Definition of ostensible in English:

ostensible

adjective

  • attributive Stated or appearing to be true, but not necessarily so.

    ‘the real dispute which lay behind the ostensible complaint’
    • ‘The ostensible ease with which he makes such jumps unsettles even loyal supporters.’
    • ‘For all his ostensible desire to tell the truth, when it comes to the hardest points, McNamara proves slippery.’
    • ‘While the ostensible motivation will be to improve the security of the Internet, the real objective will be to increase corporate profitability.’
    • ‘On top of that, the government's plan doesn't even achieve its ostensible goal of solvency!’
    • ‘The ostensible purpose of these escapades was to tag the animal's ear, for identification and conservation.’
    • ‘As is so often the case with this Prime Minister, he was talking as much about himself as he was about his ostensible subject.’
    • ‘Later, the company risked its stance of ostensible objectivity by joining the preacher and his family for a picnic supper at a farm north of the city.’
    • ‘The ostensible goal of this little group was to combat the great colossus of Americana - Mickey Mouse.’
    • ‘Given that the country does not appear to have been invaded by a foreign power, what is the ostensible cause of this nationwide panic?’
    • ‘The ostensible reason is that he does not wish to relinquish his seat in the European parliament.’
    • ‘The show confirmed that he is an unabashed landscape painter, regardless of his ostensible subject matter.’
    • ‘There is a remarkable piece of dialogue on just this subject in Dr Faustus, although the ostensible topic is music.’
    • ‘Its ostensible purpose was to usher in yet another Five Year Plan, this time on law and order.’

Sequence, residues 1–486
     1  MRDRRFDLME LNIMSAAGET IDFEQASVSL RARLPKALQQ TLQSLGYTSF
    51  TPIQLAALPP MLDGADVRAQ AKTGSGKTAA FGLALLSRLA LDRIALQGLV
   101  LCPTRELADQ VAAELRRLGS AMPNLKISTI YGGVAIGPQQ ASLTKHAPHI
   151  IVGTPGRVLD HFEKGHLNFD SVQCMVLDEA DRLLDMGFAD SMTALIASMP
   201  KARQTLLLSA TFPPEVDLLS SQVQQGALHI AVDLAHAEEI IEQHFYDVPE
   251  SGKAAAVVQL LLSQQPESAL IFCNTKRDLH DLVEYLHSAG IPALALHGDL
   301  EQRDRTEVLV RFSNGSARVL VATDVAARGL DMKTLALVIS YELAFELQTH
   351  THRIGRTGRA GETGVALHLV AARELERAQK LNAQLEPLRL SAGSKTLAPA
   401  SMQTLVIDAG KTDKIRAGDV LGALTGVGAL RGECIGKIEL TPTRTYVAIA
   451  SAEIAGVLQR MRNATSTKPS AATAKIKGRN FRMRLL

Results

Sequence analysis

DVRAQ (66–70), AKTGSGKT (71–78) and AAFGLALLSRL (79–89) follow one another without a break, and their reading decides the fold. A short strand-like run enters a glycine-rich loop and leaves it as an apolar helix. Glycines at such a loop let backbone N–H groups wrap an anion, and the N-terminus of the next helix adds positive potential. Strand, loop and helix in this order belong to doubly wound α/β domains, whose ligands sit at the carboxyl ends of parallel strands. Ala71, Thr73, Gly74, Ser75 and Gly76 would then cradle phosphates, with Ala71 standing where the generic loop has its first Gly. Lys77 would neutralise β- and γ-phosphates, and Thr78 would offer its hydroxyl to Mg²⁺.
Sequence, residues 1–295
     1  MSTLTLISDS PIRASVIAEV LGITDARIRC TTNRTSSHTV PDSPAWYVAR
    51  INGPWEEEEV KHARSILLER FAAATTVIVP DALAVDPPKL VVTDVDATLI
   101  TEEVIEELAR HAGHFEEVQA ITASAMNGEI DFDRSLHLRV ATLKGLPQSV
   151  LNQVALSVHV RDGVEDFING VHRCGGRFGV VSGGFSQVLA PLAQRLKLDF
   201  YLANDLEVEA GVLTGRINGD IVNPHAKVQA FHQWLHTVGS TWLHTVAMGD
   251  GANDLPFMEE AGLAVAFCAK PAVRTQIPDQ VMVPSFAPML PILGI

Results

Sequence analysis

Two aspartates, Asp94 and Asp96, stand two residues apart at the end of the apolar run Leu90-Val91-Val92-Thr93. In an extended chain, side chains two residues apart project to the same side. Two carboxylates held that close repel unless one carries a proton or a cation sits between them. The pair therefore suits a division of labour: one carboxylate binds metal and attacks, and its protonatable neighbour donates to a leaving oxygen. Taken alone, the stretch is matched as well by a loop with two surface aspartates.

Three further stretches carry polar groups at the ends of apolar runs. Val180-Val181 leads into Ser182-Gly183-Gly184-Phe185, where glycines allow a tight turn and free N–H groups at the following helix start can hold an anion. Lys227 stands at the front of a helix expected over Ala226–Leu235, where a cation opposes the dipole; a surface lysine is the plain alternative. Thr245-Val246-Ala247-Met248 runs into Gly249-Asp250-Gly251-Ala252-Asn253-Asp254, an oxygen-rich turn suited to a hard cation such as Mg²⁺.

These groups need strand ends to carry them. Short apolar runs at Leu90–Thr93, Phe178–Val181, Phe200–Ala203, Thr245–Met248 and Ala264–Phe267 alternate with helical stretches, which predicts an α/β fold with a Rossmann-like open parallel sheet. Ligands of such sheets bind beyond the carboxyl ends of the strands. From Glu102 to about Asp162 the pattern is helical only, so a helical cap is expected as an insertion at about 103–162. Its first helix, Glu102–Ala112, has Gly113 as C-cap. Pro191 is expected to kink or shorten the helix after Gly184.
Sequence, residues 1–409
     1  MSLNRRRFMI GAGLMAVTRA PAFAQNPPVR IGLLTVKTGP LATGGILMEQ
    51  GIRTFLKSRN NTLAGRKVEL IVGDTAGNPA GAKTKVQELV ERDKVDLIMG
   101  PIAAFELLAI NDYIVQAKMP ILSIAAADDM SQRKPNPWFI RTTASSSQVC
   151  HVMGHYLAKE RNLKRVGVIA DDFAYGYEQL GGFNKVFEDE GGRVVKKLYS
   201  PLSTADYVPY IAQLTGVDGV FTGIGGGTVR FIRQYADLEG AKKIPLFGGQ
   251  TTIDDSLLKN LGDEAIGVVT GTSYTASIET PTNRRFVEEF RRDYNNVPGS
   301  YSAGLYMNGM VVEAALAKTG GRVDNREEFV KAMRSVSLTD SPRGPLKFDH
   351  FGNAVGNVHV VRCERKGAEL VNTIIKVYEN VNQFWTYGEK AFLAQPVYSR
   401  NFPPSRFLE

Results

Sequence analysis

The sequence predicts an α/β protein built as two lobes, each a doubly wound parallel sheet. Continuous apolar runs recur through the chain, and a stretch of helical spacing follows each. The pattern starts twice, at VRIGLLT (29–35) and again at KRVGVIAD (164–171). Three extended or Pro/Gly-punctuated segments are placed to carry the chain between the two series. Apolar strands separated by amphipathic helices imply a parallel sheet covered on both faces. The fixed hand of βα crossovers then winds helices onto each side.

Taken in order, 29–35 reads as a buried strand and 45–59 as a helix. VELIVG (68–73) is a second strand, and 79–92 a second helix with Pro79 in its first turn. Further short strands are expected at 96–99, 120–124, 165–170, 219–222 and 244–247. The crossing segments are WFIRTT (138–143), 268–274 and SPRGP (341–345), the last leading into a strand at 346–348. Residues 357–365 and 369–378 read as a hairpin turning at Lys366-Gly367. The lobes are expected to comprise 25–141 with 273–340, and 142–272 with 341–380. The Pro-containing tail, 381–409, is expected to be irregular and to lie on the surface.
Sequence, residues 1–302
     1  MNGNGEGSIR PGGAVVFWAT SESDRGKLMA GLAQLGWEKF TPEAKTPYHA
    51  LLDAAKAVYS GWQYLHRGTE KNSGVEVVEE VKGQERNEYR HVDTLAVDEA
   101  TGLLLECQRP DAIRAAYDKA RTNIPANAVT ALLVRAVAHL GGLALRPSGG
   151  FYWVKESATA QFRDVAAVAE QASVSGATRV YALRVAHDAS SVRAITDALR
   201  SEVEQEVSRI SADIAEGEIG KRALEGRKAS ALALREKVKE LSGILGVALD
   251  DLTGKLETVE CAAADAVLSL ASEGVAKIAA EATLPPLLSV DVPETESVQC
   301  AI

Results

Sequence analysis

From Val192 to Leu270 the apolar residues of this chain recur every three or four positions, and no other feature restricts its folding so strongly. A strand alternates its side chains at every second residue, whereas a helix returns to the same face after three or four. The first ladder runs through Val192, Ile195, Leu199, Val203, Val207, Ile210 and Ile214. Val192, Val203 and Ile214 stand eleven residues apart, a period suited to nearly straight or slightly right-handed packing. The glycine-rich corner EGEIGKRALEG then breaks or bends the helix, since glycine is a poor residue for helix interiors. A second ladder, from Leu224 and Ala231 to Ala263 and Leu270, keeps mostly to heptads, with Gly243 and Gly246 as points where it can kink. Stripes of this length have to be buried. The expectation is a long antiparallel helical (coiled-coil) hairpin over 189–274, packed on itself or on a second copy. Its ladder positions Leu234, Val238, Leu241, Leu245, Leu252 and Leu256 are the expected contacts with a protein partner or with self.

• ‘The ostensible reason behind this attempt is to protect pets and wildlife from these so called cruel traps.’
    • ‘A biography of Elvire O'Connor, the ostensible writer of this piece, is included in the program and is a tiny work of art in its own right.’
    • ‘It is, after all, made up of ostensible competitors who are allied for the common good.’
    • ‘The safety team's ostensible goal was, if possible, to manage the project to a safe and successful conclusion.’
    • ‘There is simply no money in the till to fund rickety new programs that will quickly outgrow their ostensible resource base.’
    • ‘The ostensible cause of the conflict was a trivial argument between a public transportation driver and a passenger of different faiths.’
    • ‘Where an employee has no actual authority, either express or implied, to perform the act in question he may still have apparent or ostensible authority.’
    apparent, seeming, outward, surface, superficial, professed, supposed, avowed, presumed, so-called, alleged, declared, claimed, purported, pretended, feigned, specious
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Origin

Mid 18th century: from French, from medieval Latin ostensibilis from Latin ostens- ‘stretched out to view’, from the verb ostendere, from ob- ‘in view of’ + tendere ‘to stretch’.

Pronunciation

ostensible

/ɒˈstɛnsɪb(ə)l/